So, I'm sat here wondering what to do, to help my poor addled brain cling on to its last scrap of sanity before it shuts down and gives up the will to think!
My idea for this post has arisen from my daughter Kizzy who recently googled her name. She approached me and said " Mum, am I a Hebrew?" This, unexpected question that came from seemingly nowhere struck me dumb for a moment, until she continued "...because Kezia is Hebrew and it means tree bark." It then made perfect sense and I was relieved that she wasn't intending to join the Kabbalah and wanted to check her credentials first. But then she wanted to know why I named her after the outer coating of a deciduous tree. This got me to thinking do name meanings actually influence our decisions as to what we call our baby? Or is the process far more complex.
We've all read about celebrities naming offspring after the place where their child was conceived, started by the Beckhams and their little Brooklyn. This trend has spread out across the class system with the birth of little Number 16 Bus Shelter in 2008! Classy! Sometimes, we give our precious baby the name of something special to us, which holds great meaning and affection...sad then that twins were given the name Benson and Hedges recently. Poor creatures blighted to a life of social handicap in a world that is hard enough without being named after a 20 pack of fags!
My own children's names were all deliberated over from the moment those pink lines appeared on the pregnancy test. With a mix of excitement and a sense of enormity for the responsibility, I came up with five perfect names!!
Anyone who watched Blue Peter in the early 80's will remember the amazing man Joey Deacon. Born with severe cerebral palsy and institutionalised as a child, he was virtually written off by society. However, despite this, with the help of his friends, he wrote his memoirs "Tongue Tied" and went on to be quite a celebrity. His influence on my life was immense...his triumph over adversity was inspirational. So much so, that when I went to a fair and won a goldfish, I called it Joey! Seven years later, my first born son was born. What else could I call him...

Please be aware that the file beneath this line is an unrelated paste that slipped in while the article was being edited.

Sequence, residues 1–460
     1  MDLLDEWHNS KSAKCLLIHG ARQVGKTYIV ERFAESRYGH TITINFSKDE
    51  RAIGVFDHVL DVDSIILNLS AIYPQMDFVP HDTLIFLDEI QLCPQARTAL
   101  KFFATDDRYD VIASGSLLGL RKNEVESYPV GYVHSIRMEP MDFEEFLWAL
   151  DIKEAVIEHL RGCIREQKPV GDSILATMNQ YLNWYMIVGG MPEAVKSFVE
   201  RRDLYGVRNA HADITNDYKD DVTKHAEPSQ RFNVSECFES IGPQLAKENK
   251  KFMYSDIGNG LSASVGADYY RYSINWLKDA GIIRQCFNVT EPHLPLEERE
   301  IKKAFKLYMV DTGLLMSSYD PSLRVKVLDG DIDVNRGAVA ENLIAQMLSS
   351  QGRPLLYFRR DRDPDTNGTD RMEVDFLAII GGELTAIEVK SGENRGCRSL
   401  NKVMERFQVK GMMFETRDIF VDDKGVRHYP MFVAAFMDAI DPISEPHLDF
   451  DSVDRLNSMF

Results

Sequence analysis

At the time Megan was quite a rare name in the UK. People would comment on it and ask if I was Welsh. Since then it hasn't dropped out of the top ten baby names for girls, much to my daughter's disgust. She wanted a name as rare and beautiful as an exotic flower...instead she wound up common! Her name was a bolt out of the blue decision that came to me whilst watching Jamie Lee Curtis in Blue Steel.
The amazing Ella Fitzgerald was the inspiration behind our daughter's name. How did we know she was destined to be the musical one!!! Coincidentally, when we were first together, me and Ian liked the group The The and their song Love is Stronger than Death was played at our wedding. El...is the in Spanish and La...is the in French. So there you have it!! Cosmic powers at work!!
She was not named after tree bark, she was named after the main character from the book The Diddakoi and its TV adaptation, about a little Gypsy girl....Kizzy. Shown in 1976, the drama about a little outsider who found it difficult to conform, really resonated with me. The lonely, sullen girl was someone I related to. Thankfully, my Kizzy is the antithesis of this. She is gregarious, funny, friendly and adventurous...reality did not imitate art. I am most pleased! Kizzy was delighted to meet a fellow Kezia in the Sea Life Centre at Chessington who was also named after the Diddakoi. I am not the only one!
My baby boy, my late life gift who made my family complete could have only been honoured with a name that truly meant something to us. He had to have the name of the best nightmare, dream stalking, knife gloved, stripy jumpered, fedora wearing horror icon. My beautiful baby's namesake is indeed Freddy Krueger.
So where did your children's names come from?